Rev John Gill is one of the only exorcists in the country, and will be talking about the dark side of the Gold Coast at Carrara Community Centre on Monday 28th January. Picture Glenn Hampson
Rev John Gill is one of the only exorcists in the country, and will be talking about the dark side of the Gold Coast at Carrara Community Centre on Monday 28th January. Picture Glenn Hampson

Australia 'hotbed of Satanic possession' says busy exorcist

"WE'RE too afraid to offend people. Well sorry, I'd rather see someone free from possession, then be offended - we are living in an age where we need to face down the devil."

And, according to Gold Coast exorcist Reverend John Gill, the battle between good and evil is reaching fever pitch. So much so, he wants to start training others to perform the rite.

Rev Gill told the Bulletin he had performed hundreds of exorcisms, with a 100 per cent success rate in the almost two decades since his first and said he has never been busier.

Rev John Gill is one of the only exorcists in the country, and will be talking about the dark side of the Gold Coast at Carrara Community Centre on Monday 28th January. Picture Glenn Hampson
Rev John Gill is one of the only exorcists in the country, and will be talking about the dark side of the Gold Coast at Carrara Community Centre on Monday 28th January. Picture Glenn Hampson

"Is it still going on? Absolutely and it's at its height now," said Rev Gill, who was with the Uniting Church for 13 years before branching out on his own.

GOLD COAST GOING THROUGH SPIRITUAL AWAKENING

"I live on the Gold Coast, it is (busy for exorcisms), but I find Newcastle and North Queensland the busiest.

"I have never been so requested in my life, since I first discovered the devil was real. Australia is a hotbed of Satanic possession.

"There is a plethora of needs. People are calling out to me because they are going to stupid witch doctors and people that cause possession to get rid of possession and it's absolutely crazy what's happening to our country."

The Exorcist poster: But Rev Gill says being an exorcist in real life is pretty different. (AAP Im age/Morgan Sette)
The Exorcist poster: But Rev Gill says being an exorcist in real life is pretty different. (AAP Im age/Morgan Sette)

He said he was so busy he wanted to start training ministers to perform the rites.

"I can't do it all myself. The Roman Catholic Church is the only one stepping it up to properly train exorcists and this needs to change."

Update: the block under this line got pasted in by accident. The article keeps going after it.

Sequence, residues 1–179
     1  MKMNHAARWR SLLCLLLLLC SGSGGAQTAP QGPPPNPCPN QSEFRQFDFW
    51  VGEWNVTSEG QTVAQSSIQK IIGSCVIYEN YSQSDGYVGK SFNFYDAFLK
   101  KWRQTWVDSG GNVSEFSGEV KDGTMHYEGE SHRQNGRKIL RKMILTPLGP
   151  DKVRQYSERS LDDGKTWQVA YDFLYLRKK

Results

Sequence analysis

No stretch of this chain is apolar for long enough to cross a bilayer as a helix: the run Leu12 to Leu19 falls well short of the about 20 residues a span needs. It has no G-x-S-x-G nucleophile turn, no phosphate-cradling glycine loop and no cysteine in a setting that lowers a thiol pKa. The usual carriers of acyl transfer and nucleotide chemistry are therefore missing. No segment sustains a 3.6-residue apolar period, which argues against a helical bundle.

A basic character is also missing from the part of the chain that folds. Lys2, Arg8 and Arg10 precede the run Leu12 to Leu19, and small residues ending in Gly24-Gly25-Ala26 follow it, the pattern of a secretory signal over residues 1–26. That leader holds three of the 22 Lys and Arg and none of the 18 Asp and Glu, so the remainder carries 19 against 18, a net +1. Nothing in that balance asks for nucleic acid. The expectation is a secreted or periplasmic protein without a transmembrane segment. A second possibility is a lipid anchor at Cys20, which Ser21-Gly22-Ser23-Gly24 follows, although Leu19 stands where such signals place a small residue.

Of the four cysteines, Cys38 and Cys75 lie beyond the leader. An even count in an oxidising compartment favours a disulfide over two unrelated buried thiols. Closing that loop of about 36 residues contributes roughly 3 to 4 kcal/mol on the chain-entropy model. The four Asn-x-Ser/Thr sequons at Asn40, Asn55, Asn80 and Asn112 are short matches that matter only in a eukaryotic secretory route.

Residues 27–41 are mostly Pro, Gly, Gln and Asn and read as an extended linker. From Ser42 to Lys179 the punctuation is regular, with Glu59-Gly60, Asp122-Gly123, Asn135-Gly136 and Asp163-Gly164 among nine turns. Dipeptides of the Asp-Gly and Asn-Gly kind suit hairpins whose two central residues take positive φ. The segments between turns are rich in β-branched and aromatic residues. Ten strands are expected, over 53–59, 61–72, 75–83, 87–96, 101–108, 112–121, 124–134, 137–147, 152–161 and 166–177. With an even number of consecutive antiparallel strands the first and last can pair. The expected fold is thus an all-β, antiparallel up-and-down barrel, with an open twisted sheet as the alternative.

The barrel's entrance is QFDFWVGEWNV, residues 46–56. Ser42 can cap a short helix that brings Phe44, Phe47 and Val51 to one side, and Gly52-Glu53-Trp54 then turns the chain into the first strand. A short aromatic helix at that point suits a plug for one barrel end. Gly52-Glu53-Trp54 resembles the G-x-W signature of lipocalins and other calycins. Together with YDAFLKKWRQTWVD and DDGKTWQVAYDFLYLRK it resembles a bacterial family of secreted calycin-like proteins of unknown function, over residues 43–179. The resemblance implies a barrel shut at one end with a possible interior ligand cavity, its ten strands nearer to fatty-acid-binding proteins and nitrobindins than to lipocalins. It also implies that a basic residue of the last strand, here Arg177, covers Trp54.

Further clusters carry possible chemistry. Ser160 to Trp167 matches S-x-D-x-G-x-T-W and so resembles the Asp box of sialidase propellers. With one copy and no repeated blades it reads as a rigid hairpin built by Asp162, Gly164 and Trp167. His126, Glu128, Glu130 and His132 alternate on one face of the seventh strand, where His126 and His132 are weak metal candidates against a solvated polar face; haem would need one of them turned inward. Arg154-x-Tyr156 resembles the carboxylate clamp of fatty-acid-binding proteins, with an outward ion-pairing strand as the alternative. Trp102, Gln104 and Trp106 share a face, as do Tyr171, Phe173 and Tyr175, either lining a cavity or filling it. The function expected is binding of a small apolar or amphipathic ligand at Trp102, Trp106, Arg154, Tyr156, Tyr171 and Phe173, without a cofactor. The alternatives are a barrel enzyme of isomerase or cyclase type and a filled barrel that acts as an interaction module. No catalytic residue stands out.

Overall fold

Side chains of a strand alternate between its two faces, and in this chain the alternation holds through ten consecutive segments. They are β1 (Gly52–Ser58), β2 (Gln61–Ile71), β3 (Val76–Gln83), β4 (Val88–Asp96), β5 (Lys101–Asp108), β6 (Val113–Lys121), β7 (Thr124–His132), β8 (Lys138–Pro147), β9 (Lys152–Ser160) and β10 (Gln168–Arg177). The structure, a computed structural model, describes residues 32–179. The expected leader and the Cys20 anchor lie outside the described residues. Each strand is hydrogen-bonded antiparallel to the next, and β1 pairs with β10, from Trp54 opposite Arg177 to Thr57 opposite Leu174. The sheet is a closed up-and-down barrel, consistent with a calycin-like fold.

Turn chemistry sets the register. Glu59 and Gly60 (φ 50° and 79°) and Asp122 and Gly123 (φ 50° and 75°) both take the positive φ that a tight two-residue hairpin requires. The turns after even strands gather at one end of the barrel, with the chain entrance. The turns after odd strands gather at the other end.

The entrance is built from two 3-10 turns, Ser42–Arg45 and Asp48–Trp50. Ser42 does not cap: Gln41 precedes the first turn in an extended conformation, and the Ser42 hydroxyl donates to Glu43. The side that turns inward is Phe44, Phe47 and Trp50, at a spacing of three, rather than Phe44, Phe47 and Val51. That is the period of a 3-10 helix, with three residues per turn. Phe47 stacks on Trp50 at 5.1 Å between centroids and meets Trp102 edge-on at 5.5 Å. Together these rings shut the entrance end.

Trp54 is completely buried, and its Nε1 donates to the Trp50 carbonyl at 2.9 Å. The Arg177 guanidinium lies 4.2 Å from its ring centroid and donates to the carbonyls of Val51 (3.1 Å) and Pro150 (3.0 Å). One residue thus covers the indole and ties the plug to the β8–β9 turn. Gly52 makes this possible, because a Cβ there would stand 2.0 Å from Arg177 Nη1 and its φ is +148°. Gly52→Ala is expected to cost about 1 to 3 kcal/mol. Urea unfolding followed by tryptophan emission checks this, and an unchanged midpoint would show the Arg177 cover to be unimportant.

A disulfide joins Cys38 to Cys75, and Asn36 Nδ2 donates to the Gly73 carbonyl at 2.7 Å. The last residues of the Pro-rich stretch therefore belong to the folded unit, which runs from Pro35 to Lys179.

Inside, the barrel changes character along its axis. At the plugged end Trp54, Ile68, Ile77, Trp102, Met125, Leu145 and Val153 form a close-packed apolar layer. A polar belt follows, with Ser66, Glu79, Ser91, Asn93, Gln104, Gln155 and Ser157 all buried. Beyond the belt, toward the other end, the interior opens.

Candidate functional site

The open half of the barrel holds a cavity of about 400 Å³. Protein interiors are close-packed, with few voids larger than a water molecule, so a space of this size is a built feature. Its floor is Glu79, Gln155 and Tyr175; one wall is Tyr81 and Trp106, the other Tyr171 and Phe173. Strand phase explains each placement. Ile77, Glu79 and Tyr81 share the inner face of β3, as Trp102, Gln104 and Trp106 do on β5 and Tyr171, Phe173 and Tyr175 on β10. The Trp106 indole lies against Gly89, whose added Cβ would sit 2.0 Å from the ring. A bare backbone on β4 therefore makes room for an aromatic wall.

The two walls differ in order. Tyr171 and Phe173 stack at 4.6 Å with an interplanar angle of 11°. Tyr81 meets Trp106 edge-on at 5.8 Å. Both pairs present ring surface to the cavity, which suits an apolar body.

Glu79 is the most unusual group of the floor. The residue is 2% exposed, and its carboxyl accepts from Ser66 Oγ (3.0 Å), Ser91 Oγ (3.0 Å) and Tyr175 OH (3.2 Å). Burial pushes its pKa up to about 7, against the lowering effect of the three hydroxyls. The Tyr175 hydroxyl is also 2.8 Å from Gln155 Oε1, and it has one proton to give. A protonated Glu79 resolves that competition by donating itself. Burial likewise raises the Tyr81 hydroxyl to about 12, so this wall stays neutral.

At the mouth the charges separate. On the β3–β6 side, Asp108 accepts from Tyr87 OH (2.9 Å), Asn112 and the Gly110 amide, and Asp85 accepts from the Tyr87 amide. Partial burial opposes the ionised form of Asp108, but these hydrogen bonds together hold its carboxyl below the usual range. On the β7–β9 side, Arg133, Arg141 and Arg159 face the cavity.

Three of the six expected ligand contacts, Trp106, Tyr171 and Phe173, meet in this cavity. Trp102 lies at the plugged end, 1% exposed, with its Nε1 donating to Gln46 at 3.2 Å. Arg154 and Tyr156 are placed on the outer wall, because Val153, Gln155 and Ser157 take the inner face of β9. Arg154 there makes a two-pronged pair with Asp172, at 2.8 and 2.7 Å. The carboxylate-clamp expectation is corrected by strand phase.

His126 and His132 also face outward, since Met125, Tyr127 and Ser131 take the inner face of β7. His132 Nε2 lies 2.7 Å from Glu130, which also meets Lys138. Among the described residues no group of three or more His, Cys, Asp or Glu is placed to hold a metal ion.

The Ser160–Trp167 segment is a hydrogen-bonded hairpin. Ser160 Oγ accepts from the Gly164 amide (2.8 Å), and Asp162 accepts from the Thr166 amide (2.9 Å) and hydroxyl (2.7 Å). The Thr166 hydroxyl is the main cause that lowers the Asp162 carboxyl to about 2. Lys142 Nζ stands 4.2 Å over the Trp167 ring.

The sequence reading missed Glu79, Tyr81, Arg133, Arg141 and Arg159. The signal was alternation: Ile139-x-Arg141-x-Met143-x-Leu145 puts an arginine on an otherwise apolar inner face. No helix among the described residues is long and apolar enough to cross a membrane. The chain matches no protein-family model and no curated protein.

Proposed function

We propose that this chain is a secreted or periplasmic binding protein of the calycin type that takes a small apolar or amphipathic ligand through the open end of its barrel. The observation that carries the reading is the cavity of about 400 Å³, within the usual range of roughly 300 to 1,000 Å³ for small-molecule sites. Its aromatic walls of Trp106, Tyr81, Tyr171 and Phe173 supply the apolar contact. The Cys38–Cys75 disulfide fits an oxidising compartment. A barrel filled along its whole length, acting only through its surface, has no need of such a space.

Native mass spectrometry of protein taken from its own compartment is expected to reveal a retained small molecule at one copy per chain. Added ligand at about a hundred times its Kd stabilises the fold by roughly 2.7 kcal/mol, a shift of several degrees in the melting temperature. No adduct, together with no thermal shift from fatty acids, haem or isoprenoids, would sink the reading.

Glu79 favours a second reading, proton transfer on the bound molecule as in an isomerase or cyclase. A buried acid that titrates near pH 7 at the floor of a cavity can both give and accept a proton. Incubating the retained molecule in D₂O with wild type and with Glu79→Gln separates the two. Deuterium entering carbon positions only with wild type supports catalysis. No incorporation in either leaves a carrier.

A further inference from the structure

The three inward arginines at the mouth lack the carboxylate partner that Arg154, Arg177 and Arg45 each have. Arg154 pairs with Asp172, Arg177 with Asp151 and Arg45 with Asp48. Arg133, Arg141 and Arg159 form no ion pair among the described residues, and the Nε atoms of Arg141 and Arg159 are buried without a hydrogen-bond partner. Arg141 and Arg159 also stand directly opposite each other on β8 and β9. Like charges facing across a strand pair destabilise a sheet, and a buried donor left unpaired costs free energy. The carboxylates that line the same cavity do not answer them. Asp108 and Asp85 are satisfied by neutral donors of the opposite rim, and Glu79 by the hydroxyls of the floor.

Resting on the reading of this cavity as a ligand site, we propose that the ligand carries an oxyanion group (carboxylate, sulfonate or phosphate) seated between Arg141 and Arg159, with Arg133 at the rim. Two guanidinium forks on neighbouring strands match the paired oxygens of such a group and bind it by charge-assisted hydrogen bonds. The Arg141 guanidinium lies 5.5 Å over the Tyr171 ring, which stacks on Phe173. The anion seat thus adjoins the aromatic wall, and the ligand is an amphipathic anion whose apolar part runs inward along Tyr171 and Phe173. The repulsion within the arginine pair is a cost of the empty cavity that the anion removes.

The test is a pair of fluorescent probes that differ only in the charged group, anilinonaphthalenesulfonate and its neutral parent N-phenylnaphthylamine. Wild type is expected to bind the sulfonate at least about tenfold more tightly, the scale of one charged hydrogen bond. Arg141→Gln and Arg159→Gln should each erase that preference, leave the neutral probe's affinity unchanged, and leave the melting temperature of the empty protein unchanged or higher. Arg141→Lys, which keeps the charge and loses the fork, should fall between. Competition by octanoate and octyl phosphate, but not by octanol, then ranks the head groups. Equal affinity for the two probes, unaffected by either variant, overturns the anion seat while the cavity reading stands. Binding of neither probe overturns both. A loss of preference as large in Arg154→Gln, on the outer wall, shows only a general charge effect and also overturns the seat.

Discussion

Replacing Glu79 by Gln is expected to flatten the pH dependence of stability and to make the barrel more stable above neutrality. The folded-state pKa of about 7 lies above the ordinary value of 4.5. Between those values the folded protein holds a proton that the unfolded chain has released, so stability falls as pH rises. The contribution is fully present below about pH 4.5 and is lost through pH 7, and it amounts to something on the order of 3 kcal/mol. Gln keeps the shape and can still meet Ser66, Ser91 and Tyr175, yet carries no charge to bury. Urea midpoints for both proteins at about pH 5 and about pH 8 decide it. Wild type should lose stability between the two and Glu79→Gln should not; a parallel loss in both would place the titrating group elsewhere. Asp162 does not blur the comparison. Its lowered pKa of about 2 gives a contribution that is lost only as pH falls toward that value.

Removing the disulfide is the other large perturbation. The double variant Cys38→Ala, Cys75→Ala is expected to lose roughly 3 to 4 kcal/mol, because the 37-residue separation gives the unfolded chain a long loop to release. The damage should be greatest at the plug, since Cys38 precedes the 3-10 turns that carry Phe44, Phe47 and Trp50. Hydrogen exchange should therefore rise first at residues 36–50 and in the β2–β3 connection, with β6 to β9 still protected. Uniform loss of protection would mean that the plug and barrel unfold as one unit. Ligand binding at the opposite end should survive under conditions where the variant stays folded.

Rev John Gill. Picture Glenn Hampson
Rev John Gill. Picture Glenn Hampson

Rev Gill holds strong beliefs, which many believe belong in medieval times or are limited to horror films, but he isn't worried about the sceptics - he used to be one.

"I was a sceptic at first because I was a high scholar in the church. I'm a biblical scholar, a theologian.

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"There are a huge amount of sceptics out there, but there are an amazing amount of people who if I walk on to a plane in a cassock, and they ask what I do and I ask, 'do you really want to know', and it will end up in a whole plane-long conversation about it.

"I get accused of that (being mental) regularly and it's mostly by those who are having troubles with the devil or they are so secular that they themselves would be open to that."

Rev Gill has opened up to the Bulletin ahead of his seminar on exorcism next Monday, saying it was necessary to check if the people coming to him for an exorcism had a mental illness first, before performing the ritual.

Scene from 1973 film
Scene from 1973 film "The Exorcist".

"I need to discern whether it's mental illness or is this a case of true bona fide possession.

"I ask these people to go see a psychiatrist, or a psychologist or a neuropsychologist. We go high up first, just to make sure I'm checking my own beliefs and they have their beliefs checked out.

SAME-SEX DIVISION BETWEEN COAST'S BIGGEST CHURCHES

"There are cases where I have to balance the story between a psychological illness and sadly telling them an exorcism won't remove that illness. And I am really sorry and that breaks my heart."

He said if the checks come back clear, he will perform the exorcism.

"I don't appeal to the saints, I appeal to God, Jesus and the Holy Spirit.

"The devil doesn't want to be discovered. So the first thing they do will go into pretence and they will pretend they're not there. So the next job is to goad them out and the rite guides you through that.

"And when you're trying to do an exorcism the demons try to stumble your words so you can't get them out, that's why the written rite is so important, so you can complete it and get through the stages to make sure the person is fully healed before you leave the place."

Asked if he's ever screamed "the power of christ compels you", Rev Gill said it was not like the movies portray.

"You don't get all the crazy stuff you see in the movies … you hear about the head spinning and the pea soup vomit, but it's not like the movies.

"The problem with that movie (The Exorcist) is the catholic priest stands between the possessed and God as the one who takes upon themselves the evil force.

"I don't do that, I don't have that power. I'm there to cast it in the name of Jesus who has that power and I have a 100 per cent success rate, not because of me, but because of Jesus.

"And I'm in demand because of that."

You can hear Rev Gill talk about his experiences with exorcism on Monday, January 28, from 10.30am at the Carrara Community Centre.



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